This is the approximate location where one of the houses of Abu Bakr (r.a.) in Madinah existed. The house was adjacent to the western wall of Masjid-e-Nabwi at the time of the Prophet (s.a.w.).
- The main door of the house was in the west wall. Abu Bakr (r.a.) also installed a small door in the eastern wall of the house that opened into Masjid-e-Nabwi for easy access into the masjid. As mentioned in Bukhari, the Prophet (saw) said, “Close all those doors which open into the mosque except the door of the house of Abu Bakr (r.a.).”
- When Caliph Umar (r.a.) expanded Masjid-e-Nabwi, he included Abu Bakr’s (r.a.) house in the extension. He, however, installed a door in the new western wall of the masjid that was in line with the original door of Abu Bakr’s (r.a.) house.
- As a result of this whenever Masjid-e-Nabwi was extended in a western direction, this door was moved westward in line with the original door. This was in obedience to the instruction of the Prophet (s.a.w.).
- During the first Saudi extension, this door was extended out again. It now consists of three doors and the southern most one (the one closest to the Qiblah wall) is in line with the original door of Abu Bakr’s (r.a.) house.
This window, in the qiblah wall opposite the Roza Mubarak is where the door of the house of Abdullah bin Umar (r.a.) was situated. Abdullah bin Umar (r.a.) was the son of the Caliph Umar bin Khattab (r.a.).
- Abdullah bin Umar (r.a.) accepted Islam in his childhood with his father. He was very particular in following the sunnah of the Prophet (s.a.w.), for example offering salat at every spot where he happened to see the Prophet (s.a.w.) praying. He was eighty-four years old when he died in 73 A.H. He happened to be the last of the Sahabah who died in Makkah.
- His house was just east of the mehrab of Masjid-e-Nabwi . Bilal (r.a.) used to call Adhan (the call to prayer) while standing on a pillar of this house. This was one of the houses on the south side of the Masjid-e-Nabwi whose doors opened into the masjid.
- It is described in Umdat-ul-Akhbar that when all the houses in the south side of Masjid-e-Nabwi were removed this house was treated differently. Walls of baked bricks enclosed the land of this house and a door was installed in one wall. It was written on top of this door “the residence of the family of Umar (r.a.)”. Beautiful flowers were planted inside these four walls. This garden was just in front of the Roza Mubarak (where the Prophet (s.a.w.) is buried).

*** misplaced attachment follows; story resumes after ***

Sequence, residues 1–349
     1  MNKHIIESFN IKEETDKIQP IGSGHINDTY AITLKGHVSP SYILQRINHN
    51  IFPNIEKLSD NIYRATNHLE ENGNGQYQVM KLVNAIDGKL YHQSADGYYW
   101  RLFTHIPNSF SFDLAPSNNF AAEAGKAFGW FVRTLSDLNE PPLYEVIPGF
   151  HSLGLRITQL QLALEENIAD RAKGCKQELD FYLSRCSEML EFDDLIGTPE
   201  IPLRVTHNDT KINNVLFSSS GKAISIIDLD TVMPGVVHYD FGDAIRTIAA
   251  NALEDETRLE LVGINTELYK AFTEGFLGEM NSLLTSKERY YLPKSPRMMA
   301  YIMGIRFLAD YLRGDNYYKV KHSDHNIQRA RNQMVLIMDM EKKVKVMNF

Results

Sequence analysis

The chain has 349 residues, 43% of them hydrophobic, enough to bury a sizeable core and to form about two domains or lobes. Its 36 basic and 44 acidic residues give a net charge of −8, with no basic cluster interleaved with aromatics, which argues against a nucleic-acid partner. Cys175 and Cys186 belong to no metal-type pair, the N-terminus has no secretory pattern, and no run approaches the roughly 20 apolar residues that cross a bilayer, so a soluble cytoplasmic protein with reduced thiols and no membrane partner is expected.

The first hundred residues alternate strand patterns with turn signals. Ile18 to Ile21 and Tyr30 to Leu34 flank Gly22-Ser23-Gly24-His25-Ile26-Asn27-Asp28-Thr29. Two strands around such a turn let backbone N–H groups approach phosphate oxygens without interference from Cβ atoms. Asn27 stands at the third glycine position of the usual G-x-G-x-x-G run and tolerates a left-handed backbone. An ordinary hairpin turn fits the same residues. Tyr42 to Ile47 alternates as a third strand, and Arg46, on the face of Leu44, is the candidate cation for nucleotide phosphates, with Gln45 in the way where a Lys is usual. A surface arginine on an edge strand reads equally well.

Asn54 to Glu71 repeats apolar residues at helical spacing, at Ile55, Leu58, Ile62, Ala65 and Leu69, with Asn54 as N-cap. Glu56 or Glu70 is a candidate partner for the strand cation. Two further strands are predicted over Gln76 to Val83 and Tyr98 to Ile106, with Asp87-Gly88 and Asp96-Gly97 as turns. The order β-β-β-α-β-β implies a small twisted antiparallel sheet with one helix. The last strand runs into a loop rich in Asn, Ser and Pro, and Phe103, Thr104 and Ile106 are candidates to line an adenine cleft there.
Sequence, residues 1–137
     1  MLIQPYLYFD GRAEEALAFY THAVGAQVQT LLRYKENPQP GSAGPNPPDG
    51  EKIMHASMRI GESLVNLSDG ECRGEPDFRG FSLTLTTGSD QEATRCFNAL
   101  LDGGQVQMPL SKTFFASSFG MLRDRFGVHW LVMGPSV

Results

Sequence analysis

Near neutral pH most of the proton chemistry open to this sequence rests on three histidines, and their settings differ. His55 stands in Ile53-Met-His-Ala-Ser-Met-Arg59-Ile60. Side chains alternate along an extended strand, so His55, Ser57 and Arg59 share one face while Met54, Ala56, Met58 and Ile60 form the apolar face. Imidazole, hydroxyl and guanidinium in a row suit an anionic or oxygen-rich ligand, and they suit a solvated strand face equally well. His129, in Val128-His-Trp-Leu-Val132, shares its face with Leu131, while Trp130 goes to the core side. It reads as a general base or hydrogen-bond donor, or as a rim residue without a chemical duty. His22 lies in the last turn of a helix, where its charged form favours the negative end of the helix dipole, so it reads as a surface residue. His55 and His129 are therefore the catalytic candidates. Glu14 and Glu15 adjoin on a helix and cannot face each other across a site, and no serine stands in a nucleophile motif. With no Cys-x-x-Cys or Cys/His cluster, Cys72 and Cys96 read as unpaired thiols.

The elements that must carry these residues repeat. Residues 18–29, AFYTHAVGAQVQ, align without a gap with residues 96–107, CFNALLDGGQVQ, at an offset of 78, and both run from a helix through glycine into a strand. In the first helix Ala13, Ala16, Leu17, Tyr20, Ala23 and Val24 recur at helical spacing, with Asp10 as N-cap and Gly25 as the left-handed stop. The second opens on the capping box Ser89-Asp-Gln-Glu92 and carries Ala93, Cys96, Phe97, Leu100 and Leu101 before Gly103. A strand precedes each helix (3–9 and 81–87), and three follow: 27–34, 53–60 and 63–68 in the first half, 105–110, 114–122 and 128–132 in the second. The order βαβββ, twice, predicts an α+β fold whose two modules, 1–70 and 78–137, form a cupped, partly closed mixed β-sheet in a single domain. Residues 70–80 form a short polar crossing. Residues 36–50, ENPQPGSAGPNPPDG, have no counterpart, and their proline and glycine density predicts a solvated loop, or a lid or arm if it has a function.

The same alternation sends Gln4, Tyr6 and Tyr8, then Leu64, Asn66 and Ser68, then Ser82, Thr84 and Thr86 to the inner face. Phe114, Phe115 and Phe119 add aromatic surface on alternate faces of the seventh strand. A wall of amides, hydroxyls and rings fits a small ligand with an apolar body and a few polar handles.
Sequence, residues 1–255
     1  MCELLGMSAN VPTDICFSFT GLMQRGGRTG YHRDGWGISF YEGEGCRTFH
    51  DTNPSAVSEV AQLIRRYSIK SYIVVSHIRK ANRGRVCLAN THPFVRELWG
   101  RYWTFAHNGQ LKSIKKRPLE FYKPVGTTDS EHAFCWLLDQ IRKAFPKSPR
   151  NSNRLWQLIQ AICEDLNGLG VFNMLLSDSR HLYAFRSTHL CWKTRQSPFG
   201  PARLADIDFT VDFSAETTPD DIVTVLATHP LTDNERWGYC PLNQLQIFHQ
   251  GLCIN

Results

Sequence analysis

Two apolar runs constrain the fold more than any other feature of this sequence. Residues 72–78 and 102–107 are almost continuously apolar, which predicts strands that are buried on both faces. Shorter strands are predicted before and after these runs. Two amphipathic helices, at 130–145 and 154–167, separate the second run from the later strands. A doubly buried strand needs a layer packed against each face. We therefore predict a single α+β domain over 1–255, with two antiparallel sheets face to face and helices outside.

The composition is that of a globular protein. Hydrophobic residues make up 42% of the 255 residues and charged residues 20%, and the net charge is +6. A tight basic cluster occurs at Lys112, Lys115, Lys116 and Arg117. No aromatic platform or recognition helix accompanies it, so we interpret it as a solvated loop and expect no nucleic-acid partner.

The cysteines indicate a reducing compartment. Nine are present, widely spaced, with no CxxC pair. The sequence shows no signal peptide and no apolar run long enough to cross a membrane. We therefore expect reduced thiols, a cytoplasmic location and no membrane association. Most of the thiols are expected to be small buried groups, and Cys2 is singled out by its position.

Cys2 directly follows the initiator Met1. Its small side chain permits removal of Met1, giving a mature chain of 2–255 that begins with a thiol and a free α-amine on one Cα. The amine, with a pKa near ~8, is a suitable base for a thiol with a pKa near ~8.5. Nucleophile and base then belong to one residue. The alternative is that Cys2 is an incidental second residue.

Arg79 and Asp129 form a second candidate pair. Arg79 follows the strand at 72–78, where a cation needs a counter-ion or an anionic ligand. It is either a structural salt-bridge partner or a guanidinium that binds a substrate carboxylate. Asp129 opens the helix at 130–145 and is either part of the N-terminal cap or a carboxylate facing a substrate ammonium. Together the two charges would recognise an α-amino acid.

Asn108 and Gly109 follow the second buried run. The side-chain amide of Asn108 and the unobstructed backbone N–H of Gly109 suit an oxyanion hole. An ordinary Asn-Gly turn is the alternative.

- The iron window in the visitors’ gallery for salam is the site of the door of the house of the family of Umar (r.a.). This door of this house went through several changes during the last fourteen hundred years.
- Note that there are two rows of pillars between the Mehrab Usman and Mehrab Nabawi. Caliph Mehdi bin Mansur Abbasi constructed a covered path from the southern wall of the masjid up to the first row of pillars during 165 A.H. The family of Umar (r.a.) stopped using the door of their house for entry into the masjid. As an alternative an underground tunnel was dug to provide access to the masjid for the family of Omar (ra). This tunnel opened where the second row of pillars is and the family of Umar (ra) used this approach to enter the masjid. The iron window in the visitors’ gallery, that still exists, replaced the door of their house.
- When the family of Umar (r.a.) passed away one by one, this underground passage was closed and a lock was put on its door. The door to this tunnel was opened during the Hajj period for visitors. In due course the tunnel became very crowded and there was undesirable intermingling of men and women. Sultan Ashraf Qaitabai closed it for good during 888 A.H.
This is the approximate spot where existed the house of Abu Ayyub Ansari (r.a.). This is where the Prophet (s.a.w.) initially sstayed for several months on his migration to Madinah, while Masjid-e-Nabwi and the adjoining rooms for his wives were being built.